Deutsche Telekom rattled by domestic pressures

Germany’s incumbent carrier, Deutsche Telekom, spooked the stock market Thursday as it reduced revenue guidance for 2006 by Eur600m (£405m) on the back of aggressive competition in its domestic market.

The operator recorded a 3.2 per cent drop in net profit for the first half of 2006, down from Eur2.15bn in 2005 to Eur2bn. EBITDA also dropped 3.7 per cent to Eur9.6bn, while consolidated revenues for the first half increased 3.2 per cent to Eur29.9bn, from Eur29bn a year ago.

Deutsche Telekom is feeling increasing pain in its home market, where competitive pressure led to a 4 per cent decline in revenue to Eur16.3bn across the three strategic business areas. International revenues were on the ascent however, rising 13.5 per cent to Eur13.6bn on the back of strong performance by mobile operations in the US and UK.

T-Mobile Germany’s revenues declined 3.3 per cent despite signing up more customers and as a result the cellco will launch simplified and lower prices in an attempt to increase the level of usage. “New bundled offers will cost well under 10 cents per minute, regardless of which network is being called,” said Deutsche Telekom chief executive Kai-Uwe Ricke.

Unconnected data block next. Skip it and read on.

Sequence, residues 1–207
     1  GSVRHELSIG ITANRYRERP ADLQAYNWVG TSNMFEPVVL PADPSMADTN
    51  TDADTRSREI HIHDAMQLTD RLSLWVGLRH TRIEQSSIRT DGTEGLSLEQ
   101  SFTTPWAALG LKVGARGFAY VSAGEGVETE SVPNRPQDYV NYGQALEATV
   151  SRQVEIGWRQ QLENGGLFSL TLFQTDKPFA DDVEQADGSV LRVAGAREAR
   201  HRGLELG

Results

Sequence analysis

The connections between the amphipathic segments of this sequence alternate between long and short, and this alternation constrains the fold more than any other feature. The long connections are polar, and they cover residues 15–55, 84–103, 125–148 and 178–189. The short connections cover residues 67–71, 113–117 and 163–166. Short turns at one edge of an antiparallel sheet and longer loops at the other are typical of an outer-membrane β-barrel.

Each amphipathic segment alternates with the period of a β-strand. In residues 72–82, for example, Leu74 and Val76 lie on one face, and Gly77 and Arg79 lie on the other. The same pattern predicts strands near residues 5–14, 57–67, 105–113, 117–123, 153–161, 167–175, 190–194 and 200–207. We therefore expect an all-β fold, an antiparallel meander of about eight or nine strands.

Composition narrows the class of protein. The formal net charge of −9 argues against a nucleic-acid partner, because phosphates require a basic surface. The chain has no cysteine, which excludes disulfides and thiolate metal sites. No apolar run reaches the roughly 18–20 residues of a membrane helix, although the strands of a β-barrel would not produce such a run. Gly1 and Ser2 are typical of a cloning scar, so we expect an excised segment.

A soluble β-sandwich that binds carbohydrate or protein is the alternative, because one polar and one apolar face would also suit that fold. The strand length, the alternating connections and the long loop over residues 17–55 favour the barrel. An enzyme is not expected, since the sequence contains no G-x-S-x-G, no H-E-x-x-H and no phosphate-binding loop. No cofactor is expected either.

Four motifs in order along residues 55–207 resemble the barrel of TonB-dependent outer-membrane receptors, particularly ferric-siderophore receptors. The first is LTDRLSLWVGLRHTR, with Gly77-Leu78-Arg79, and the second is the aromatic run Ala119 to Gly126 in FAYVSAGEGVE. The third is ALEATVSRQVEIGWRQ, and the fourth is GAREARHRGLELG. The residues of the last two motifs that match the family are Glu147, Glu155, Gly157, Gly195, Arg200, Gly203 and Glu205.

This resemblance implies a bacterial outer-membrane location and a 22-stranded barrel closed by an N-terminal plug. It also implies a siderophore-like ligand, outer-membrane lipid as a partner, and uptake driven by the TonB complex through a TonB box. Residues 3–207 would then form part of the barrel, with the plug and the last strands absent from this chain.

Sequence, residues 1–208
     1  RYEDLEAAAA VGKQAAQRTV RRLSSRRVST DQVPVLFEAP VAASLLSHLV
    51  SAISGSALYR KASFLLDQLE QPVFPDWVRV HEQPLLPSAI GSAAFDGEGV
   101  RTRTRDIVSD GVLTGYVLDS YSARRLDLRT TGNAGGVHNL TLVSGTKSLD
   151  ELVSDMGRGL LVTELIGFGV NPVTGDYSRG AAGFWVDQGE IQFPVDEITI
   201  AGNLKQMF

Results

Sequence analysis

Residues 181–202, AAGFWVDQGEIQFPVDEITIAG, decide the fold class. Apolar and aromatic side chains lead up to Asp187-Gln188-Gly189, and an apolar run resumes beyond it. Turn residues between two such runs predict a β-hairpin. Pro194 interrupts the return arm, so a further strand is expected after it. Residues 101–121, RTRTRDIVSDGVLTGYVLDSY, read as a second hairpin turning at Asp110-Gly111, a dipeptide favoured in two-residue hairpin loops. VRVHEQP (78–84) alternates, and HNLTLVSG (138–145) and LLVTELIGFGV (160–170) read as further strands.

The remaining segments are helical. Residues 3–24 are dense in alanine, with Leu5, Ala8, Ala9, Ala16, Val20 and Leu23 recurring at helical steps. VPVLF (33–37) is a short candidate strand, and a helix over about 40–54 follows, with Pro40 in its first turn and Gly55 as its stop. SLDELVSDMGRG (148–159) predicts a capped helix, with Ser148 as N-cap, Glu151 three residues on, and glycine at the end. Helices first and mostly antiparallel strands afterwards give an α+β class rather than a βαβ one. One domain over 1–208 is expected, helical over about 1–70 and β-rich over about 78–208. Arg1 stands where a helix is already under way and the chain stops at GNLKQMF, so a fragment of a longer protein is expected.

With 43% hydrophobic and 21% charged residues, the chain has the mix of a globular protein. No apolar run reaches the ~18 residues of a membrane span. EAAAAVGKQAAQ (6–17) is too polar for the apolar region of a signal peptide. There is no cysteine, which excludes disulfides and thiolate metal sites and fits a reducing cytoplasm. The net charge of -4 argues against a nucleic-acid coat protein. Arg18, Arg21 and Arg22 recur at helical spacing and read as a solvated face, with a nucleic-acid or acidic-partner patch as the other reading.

Domestic revenue in the broadband and fixed line sector declined by 6.5 per cent year on year due to a decrease in access, call and interconnection revenues. The T-Com unit also lost approximately 500,000 lines in the second quarter of 2006 as a result of customers’ switching to other networks and as a result of mobile substitution. T-Com will launch a new pricing and product structure that is geared towards bundled products and is aimed at customers considering changing to bundled offers of alternative network operators. With the new structure, starter offers for the combination of telephone and broadband internet will cost under Eur40, Ricke said.

Dan Bieler, analyst at Ovum, commented: “Reality is beginning to catch up with Deutsche Telekom as it has not effectively adjusted to the changing world of telecoms. This set of financial results highlights that the growth at T-Mobile USA can no longer hide serious deficits in domestic performance.”

Bieler noted that, in fairness, most other incumbents are reporting a similar financial performance in their respective domestic markets. However, others have been quicker to accept the changing realities in the converging market place.

“But change seems to be underway. Now, years after BT and KPN, Deutsche Telekom talks about accelerating the conversion to an IP-based production platform,” he said.

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